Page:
26 August 2007

The Burdens of General Patraeous

Victor Davis Hanson
National Review Online

Gen. Petraeus must cope with the reality that should a half-dozen, or perhaps even one, of his some 160,000 soldiers, in the heat of combat, shoot a wounded terrorist, the damage done could rival losing an entire battle — a fact well known to a religiously zealous enemy that feels no such humanitarian constraints. Radical Islamists may be the enemy, but American forces in the field must downplay, not accentuate religious differences, if they are to keep on their side Muslim forces loyal to an elected government.

II. Fighting For Democracy?
In the Cold War, America justified supporting authoritarian regimes in Asia, South America, and the Middle East on the basis of their expressed and shared opposition to Soviet-sponsored global communism. We had some nasty SOBs on our side in the Shah, Pinochet, Somoza, and Papadopoulos. The U.S. apology was that elected socialist governments would inevitably devolve into Communist ones, either by intent or subversion. With 7,000 nukes pointed our way, we supposedly had no margin for utopianism. So America erred on the side of short-term assumed loyalty, stability, and security.

But well before the Cold War, the United States put realist concerns above principled idealism. That’s why we generously supplied a mass-murdering Soviet Union in its war against a mass-murdering Nazi Germany or didn’t restrict too much the methodology that Chiang Kai-shek employed against Japanese invaders.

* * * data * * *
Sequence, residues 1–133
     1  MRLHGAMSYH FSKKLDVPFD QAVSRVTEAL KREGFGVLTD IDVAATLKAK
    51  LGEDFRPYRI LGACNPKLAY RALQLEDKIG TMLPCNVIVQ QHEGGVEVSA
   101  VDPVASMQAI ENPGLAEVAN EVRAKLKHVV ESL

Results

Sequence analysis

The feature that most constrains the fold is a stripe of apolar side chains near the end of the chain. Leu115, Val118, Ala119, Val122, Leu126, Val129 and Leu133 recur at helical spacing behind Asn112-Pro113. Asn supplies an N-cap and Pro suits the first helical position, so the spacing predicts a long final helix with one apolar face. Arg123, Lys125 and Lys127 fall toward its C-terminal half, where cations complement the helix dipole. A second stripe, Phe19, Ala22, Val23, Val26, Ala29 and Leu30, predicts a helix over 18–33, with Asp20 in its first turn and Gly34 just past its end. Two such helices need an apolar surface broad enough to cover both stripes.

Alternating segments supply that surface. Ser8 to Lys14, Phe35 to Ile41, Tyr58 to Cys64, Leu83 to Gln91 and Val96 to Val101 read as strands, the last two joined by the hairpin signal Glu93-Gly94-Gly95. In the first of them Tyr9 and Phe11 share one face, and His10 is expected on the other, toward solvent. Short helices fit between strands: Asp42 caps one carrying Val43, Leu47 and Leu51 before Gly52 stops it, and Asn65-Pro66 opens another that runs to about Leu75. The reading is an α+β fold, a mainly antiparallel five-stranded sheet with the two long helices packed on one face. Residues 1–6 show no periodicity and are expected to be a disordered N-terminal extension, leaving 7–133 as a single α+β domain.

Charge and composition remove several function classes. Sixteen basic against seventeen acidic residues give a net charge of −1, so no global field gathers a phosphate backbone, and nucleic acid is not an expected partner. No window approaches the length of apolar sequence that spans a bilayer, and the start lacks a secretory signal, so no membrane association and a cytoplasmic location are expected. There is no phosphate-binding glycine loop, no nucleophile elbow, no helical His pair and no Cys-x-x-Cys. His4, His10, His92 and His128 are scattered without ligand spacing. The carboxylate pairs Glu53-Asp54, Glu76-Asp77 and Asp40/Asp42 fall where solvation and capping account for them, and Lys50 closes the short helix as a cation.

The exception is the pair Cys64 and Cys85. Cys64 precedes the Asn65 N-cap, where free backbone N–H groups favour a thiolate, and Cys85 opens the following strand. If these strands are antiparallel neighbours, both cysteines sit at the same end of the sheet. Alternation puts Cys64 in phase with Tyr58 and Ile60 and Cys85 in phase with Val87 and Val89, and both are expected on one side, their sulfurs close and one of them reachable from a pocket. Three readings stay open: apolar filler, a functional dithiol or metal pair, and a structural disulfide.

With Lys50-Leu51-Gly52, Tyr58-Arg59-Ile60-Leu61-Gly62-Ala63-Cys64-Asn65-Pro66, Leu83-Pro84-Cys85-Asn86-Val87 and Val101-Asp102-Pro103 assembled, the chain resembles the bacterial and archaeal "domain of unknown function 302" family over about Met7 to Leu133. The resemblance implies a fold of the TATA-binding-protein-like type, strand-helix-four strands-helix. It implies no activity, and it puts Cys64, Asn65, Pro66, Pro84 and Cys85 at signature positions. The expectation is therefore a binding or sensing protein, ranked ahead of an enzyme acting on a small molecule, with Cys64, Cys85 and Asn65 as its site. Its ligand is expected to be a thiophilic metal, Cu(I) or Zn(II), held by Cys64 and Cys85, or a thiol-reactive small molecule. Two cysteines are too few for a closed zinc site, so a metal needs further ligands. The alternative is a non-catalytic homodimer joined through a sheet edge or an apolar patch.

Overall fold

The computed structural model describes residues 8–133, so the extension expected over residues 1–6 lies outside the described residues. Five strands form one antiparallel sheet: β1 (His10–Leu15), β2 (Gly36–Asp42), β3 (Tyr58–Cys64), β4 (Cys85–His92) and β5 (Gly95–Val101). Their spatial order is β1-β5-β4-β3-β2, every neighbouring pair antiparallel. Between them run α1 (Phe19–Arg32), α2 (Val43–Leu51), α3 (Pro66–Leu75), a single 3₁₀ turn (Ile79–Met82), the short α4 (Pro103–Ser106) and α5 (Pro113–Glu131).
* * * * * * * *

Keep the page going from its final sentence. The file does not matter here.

The present war, however, is again qualitatively different: We are not seeking to quell the violence in Iraq or Afghanistan by the imposition or use of a brute. Instead we expend blood and treasure in the hopes that a consensual government can fight as well as a dictatorship — while at the same time ensuring freedom for its people.

So in Iraq, not only are we waging a war according to American rules of engagement, but for the idea of constitutional government run by a poor, deeply traditional, tribal, and often religiously fundamentalist population.

General Petraeus knows that Iraq Security Forces can get information out of detained terrorists much easier than we can. But he also accepts that winking at systematic torture would be at odds with his directive to protect and promote constitutional government.

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